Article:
Too much nutrition advice contains information like 64mg of Sodium Potassium Chloride twice every 6.5 hours with still water out of a recycled cup.
The focus of my ideal diet is performance. Mental performance and physical performance.
Foods these days have been over-engineered for taste, sacrificing performance. Short-term mouth pleasures to keep you eating more.
My whole diet can be summed up in seven words. Eat food, mostly plants, not too much.
I stole this from Michael Pollan. His book Food Rules is the best book I’ve ever read on food.
We’ll treat these as the pillars.
A) Eat Food
This sounds trivial.
But the key is the definition of food.
Food, in this case, is whole foods. Foods which your great great grandparents would recognise as food.
This rules out most of the refined food sources you find the Standard American Diet (aptly abbreviated as S.A.D because it will make you sad).
Processed carbohydrates, sugars, vegetable/seed oils, fried foods. All the things you see at stores in the bright packaging or at the restaurants with the neon lights. Gone.
This isn’t to say carbohydrates, sugars and oils are completely avoided.
My ideal diet still contains these things but in the form of fruits, vegetables and non-vegetable/seed oils (olive, coconut).
Meat is there too. Preferably from animals who also don’t eat these kinds of foods. Grass-fed & free range where possible.
My primary goals are mental and physical performance.
The body works very efficiently off of these kinds of foods.
Have you ever ate a heavy meal of burger and fries and felt sluggish after? I’m avoiding this feeling at all cost. Plus, add up enough of these feelings and you’ve got yourself a longer-term health problem worse than just feeling sluggish.
The best foods don’t require packaging.
B) Mostly plants
Vegetarian diets and vegan diets work great. All diet trends work great.
All the diet trends you’ve heard of work because they follow a common trend. They avoid the S.A.D (Standard American Diet).
Whether it be completely plant-based, a combination of plants and animals or completely meat-based, they focus on whole foods.
Mostly plants is me trying to take care of my microbiome.
What’s the microbiome?
It’s the colony of bacteria which live in your gut. There are more of them than us, 10 times more. 10 times more bacteria cells in your whole body than your own cells.
We still don’t know the exact role the microbiome plays in day to day life but more and more research is pointing towards it being considered as the second brain.
Even if you based the significance of importance on cell numbers alone, your microbiome is something you should be concerned about.
There was an experiment done on sets of twins. Genetically, twins are the same. They have the same DNA. Except for these sets of twins, one of them was overweight and the other wasn’t. If their DNA is the same, what was the difference?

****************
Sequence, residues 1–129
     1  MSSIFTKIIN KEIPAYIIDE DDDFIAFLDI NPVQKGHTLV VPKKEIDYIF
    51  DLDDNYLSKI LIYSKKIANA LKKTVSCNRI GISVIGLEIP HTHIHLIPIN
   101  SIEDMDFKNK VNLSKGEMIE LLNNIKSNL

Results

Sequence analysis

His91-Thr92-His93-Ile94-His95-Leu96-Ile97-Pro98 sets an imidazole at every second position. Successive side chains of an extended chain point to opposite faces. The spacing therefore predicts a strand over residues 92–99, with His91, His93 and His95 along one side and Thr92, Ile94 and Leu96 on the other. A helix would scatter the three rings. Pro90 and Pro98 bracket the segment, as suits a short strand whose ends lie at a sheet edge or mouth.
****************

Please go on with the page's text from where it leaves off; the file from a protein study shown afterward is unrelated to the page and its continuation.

Their microbiome. The twin who was overweight had a less diverse microbiome than the other. This is was the case for all the twins in the study.
Less diverse means there were fewer species of bacteria. The overweight twins microbiome was like walking through a garden with only one type of plant. And the other twin had a microbiome like a rich English Garden.
How would you improve the garden with only one kind of plant?
You’d add more plants.
This is the same as the microbiome. Adding more plants, more fruits and vegetables, diverse kinds of leaves, fermented foods (foods with bacteria already in them) help to diversify the microbiome.
My ideal diet takes care of my bacteria cells and my own cells.
C) Not too much
Have you ever seen a person walking through an airport trying to carry too many bags?
It doesn’t look like a good time.
Eating too much is the same as trying to carry around more bags than you need.
If I’m trying to balance all those extra bags and perform physically and mentally at the same time, it isn’t going to end well.
How do you know how much?
One way is to meticulously plan out what you’re going to do.
Like planning a trip day by day, hour by hour and packing every single thing you need.
Eating like this works but it’s hard work. Tracking every calorie, adding food here, removing it there.
I won’t be able to perform physically and mentally if all I’m doing is trying to calculate the perfect amount to eat.
D) Not too often
Eat when it’s required.
Imagine your body is a car tunnel. Except the car tunnel has a smaller exit than entrance. What happens to the car tunnel when cars keep coming in faster than they go out?
It gets clogged.
It’s hard for the car tunnel to do what it’s meant to do when it’s clogged.
The same goes for the body. If I’m always in the state of trying to process food, eating every couple of hours, I won’t be able to perform how I want to perform.
How does a car tunnel get cleaned?
It shuts off for half a day. Maybe a whole day sometimes.
The same goes for the body. Eating when you’re hungry instead of in between lets it get on with the other things it has to do.
My car tunnel shuts down for maintenance from 8 pm - 12 pm every day.
Like packing for the airport. I only pack what’s required.
E) The perpetual experiment
Biology is funky.
What works for one person might not work for someone else.
But when it comes to health, don’t look for the overcomplicated solution. Try a few things and see what works for you.
My ideal diet is a perpetual experiment with the goal of finding what helps me perform better physically and mentally over the long term.
Eat food. Not too much. Mostly plants. Not too often.